19 (years of service) - 2 = 17
17 x 2 = 34
34 + 0.25 = 34.25 percent of your high three

Remember, under CSRS Offset you currently are paying the full FICA tax that is offsetting your CSRS 7 percent contribution, and your CSRS benefit will be "offset" or reduced by the Social Security benefit that is attributable to your federal service.

After 10 years of civil service, I crossed to the private sector. I was a GS-13 and under FERS. What will my retirement benefit be if I do not return to the government?

As long as you did not elect to take a refund of your retirement contributions, you are eligible for a deferred retirement at your minimum retirement age (reduced) or at age 62 (unreduced). Here's more information from the Office of Personnel Management's deferred retirement website.

Thanks very much for this article. There is an eerie similarity to my situation, down to the name and years of service, and you just answered my biggest question. So now I know I can retire on my birthday at age 60 with full benefits and 29 years of experience, instead of waiting to get my full 30 years in. It's just a seven-month difference, but it's nice to know.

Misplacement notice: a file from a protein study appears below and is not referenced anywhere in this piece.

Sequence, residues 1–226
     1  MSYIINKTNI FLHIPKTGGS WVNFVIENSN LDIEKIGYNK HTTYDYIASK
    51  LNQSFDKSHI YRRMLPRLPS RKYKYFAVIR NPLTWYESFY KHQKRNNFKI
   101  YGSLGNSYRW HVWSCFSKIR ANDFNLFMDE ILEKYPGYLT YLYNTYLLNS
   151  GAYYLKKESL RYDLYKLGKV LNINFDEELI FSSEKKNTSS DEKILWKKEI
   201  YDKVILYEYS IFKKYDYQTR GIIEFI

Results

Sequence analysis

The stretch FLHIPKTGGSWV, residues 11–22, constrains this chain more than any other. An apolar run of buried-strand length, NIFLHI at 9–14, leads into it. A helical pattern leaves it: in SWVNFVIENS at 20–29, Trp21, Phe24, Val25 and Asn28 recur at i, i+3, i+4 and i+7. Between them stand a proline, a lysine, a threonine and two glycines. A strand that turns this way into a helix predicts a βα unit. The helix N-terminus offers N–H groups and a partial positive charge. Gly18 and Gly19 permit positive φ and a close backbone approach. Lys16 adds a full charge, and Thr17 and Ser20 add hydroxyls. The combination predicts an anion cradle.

Bingo! Thanks for letting me know that my column provided some clarification. Sometimes it's the little things that matter.

Tammy Flanagan is the senior benefits director for the National Institute of Transition Planning Inc., which conducts federal retirement planning workshops and seminars. She has spent 25 years helping federal employees take charge of their retirement by understanding their benefits.

For more retirement planning help, tune in to "For Your Benefit," presented by the National Institute of Transition Planning Inc. live on Monday mornings at 10 a.m. ET on federalnewsradio.com or on WFED AM 1500 in the Washington metro area.

 

Tammy Flanagan is the senior benefits director for the National Institute of Transition Planning Inc., which conducts federal retirement planning workshops and seminars. She has spent 25 years helping federal employees take charge of their retirement by understanding their benefits.

For more retirement planning help, tune in to "For Your Benefit," presented by the National Institute of Transition Planning Inc. live on Federal News Radio on Mondays at 10 a.m. ET on WFED AM 1500 in the Washington-metro area. Archived shows are available on NITPInc.com.